On Holy Thursday or Pesaha Vyazhazhcha we commemorate with Jesus, the old and new Passovers. In the original Passover, Israel recalls her liberation from Egyptian slavery by sacrificing an unblemished lamb. In the new Passover, we commemorate Jesus’ action of saving all humanity from Satan’s clutches by offering himself as the sacrificial lamb. The rite of circumcision that involved the drawing of a little human blood was a sign of the covenant with Abraham. God confirmed that covenant by asking Moses to sprinkle animal blood on the Israelites at Mount Sinai. Jesus sealed a new covenant in his blood and asks us to partake of it by drinking it.
The Lord’s Supper
(Matthew 26:26) While they were eating, Jesus took bread, said the blessing and broke it, and gave it to his disciples saying, “Take and eat; this is my body.” (27) Then he took a cup and gave thanks, and passed it to them saying, ”Drink from this, all of you, (28) for this is my blood, the blood of the Covenant, which is poured out for many for the forgiveness of sins. (29) Yes, I say to you: I will not taste the fruit of the vine from now until the day I drink anew with you in my Father’s kingdom.” (30) After singing psalms of praise, they went out to the Mount of Olives.
The Lord’s Supper (Mt 26:26-30)
Jesus instituted the Holy Eucharist (Qurbana) while he celebrated the Passover with his disciples in an upper room in Jerusalem. So, we need to understand the Last Supper in the background of the Jewish Passover. Israelites celebrated Passover, one of the three pilgrim feasts, in Jerusalem (Lev 23:4-14, Deut 16:1-8). They sacrificed a lamb in the Temple and took its meat home to eat as the Passover meal. They followed Seder, which means an “order” for the procedure of Paschal feast. This procedure has 15 steps with prayers given in a book known as Haggadah. The fifteen corresponds to the 15th day of Nissan when Passover starts or the 15 semi-circular steps from the Court of Women to the Court of Israel in the Temple. Levites sang the fifteen “Psalms of the Steps” (Ps 120-134 of Degrees or Ascents) with musical instruments there.
The procedures for Passover meal, along with how Jesus observed it, are:
THE PREPARATIONS FOR PASSOVER
1. Selection of the lamb on the tenth of Nisan. Each family would select a one-year-old unblemished male lamb for the sacrifice. In Jesus’ case, he stood in for the unblemished male lamb, whom the family of Israel had selected and brought to the Temple, and the priests approved him for slaughter. This happened on the Palm Sunday that was the tenth of Nisan. The slaughter would take place on the 15th of Nisan that starts at 6:00 p.m. on the 14th according to the Gregorian calendar and ends at 6:00 p.m. on the 15th. According to the Jewish calendar, Jesus instituted the Holy Eucharist, and the soldiers crucified him on the same date, 15th of Nisan.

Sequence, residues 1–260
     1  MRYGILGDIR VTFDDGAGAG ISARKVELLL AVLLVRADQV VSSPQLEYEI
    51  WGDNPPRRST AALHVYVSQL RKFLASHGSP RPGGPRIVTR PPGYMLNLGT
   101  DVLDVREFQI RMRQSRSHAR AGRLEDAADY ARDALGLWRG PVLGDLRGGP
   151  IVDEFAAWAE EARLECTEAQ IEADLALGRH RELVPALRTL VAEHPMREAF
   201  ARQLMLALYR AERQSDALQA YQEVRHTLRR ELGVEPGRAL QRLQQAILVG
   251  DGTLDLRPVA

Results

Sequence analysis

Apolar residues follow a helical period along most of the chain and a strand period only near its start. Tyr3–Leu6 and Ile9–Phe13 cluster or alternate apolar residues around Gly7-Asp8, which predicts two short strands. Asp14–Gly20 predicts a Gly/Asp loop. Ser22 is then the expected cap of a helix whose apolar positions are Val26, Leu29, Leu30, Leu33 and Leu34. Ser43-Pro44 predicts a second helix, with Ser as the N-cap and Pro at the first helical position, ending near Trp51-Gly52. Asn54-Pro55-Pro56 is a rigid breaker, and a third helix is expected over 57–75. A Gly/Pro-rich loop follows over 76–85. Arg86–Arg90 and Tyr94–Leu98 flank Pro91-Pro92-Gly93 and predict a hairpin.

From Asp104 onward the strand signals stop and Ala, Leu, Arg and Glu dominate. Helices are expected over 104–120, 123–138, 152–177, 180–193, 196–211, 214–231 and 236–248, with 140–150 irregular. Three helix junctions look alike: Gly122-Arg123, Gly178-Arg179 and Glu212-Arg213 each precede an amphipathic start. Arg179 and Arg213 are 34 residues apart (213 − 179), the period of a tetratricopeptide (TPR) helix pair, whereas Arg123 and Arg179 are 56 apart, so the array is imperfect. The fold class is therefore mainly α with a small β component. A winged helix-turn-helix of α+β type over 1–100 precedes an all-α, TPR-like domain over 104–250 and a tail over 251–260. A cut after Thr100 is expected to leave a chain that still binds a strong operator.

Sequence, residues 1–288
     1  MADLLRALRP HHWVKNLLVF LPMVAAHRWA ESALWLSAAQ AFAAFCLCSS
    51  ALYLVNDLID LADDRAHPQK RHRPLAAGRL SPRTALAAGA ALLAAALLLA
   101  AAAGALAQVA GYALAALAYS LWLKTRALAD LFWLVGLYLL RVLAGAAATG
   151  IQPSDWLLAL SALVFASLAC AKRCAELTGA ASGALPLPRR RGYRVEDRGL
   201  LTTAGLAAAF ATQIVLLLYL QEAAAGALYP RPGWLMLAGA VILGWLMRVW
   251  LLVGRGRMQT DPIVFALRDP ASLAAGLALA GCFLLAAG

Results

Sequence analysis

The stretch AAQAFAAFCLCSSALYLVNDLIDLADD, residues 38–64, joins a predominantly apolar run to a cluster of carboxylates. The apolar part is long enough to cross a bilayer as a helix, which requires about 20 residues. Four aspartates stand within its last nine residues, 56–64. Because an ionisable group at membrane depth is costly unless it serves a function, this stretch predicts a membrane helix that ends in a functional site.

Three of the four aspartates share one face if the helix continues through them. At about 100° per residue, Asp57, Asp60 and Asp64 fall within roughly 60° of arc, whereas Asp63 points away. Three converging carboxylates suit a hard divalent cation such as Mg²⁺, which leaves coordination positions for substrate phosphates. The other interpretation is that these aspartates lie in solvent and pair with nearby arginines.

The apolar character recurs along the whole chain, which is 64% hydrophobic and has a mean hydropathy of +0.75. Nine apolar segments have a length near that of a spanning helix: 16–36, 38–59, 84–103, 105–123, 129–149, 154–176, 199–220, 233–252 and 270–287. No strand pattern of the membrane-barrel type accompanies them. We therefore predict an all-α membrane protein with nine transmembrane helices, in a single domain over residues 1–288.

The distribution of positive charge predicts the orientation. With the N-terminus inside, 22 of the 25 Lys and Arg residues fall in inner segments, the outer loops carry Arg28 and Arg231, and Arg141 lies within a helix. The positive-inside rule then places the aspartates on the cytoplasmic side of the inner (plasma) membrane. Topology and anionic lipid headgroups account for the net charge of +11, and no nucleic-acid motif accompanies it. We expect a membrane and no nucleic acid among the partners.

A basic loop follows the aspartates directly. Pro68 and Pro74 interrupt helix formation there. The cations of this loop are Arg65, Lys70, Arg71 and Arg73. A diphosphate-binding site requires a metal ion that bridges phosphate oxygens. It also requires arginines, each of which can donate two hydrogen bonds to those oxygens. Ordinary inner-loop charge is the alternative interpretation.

2. Searching Leaven on 13th of Nisan. The family would check and remove any leaven in the house based on God’s commandment: “For seven days, no leaven shall be seen throughout your territory” (Deut 16:4). Jesus did this on Palm Sunday by expelling the unjust merchants who defiled the House of God and clearing their livestock from the Temple area.
3. Foot washing on 14th of Nisan. When the guests and family members arrive at the house for the Passover meal, a slave or servant would wash their feet. Since his disciples did not perform this, Jesus did this for them during the meal, which was unusual. It was to teach them how they should follow his ‘servant leadership’ in their ministry.
4. Table setting: The family sets the Passover table Charoseth (a sweet dark-coloured paste made of fruits and nuts), unleavened bread, vegetables, vinegar (karpas), four wine glasses, red and warm wine bottles, and several candles. The people would recline with the support of pillows around a low table about 18 inches high. They arrange seating according to the age or social position of the participants.
THE 15 STEPS OF THE PASSOVER MEAL
Step 1. Kadeish (Sanctification): The head of the family who sits at the place of honour would take the first of the four wine cups and fill it with wine mixed with water (grape juice for children) and pronounce a thanksgiving over it. He would taste it first and then pass it to all present. The four cups of wine stand for the four “I will,” in Exodus 6:6-7. “I will free you from the burden of the Egyptians (The Cup of Sanctification) and I will deliver you from their bondage (The Cup of Deliverance); I will redeem you with the blows of my powerful hand and my mighty acts of judgement (The Cup of Redemption). I will take you for my people and I will be your God (The Cup of Restoration); you will realize that I am the LORD your God who delivered you from the burden of the Egyptians” (Ex 6:6-7).
Step 2. Urchatz (Washing of Hands): Participants wash their hands by pouring water on the right hand three times and then the left hand three times to prepare for eating the herbs dipped in saltwater. This was necessary because they were eating without using utensils like the spoon and fork.
Step 3. Karpas or Bitter Herbs (parsley): People eat karpas after dipping it in saltwater. The vegetable is symbolic of Israelites’ poor background, and the saltwater represents their tears shed in Egypt during slavery and throughout their history. The saltwater also reminds them of the crossing of the Red Sea with God’s providence while leaving Egypt. Then they pour wine into the second cup.
Step 4. Yachatz (Breaking of middle matzo bread): The family places three loaves of matzo bread in three pockets of matzo cover. Matzo bread is an unleavened flatbread with stripes and piercings on it, symbolic of the scourging and nailing of the Messiah according to the Christian interpretation. These three loaves of bread, according to the Christian interpretation, stand for the Most Holy Trinity. The head of the family breaks the middle bread standing for Messiah into two pieces reminding the broken body of Christ for our sins. The leader returns the smaller piece symbolic of the “bread of affliction” to the pocket and keeps the larger one representing Pesach Sacrifice in a hidden place in another cover. For Christians, this stands for the burial of Jesus.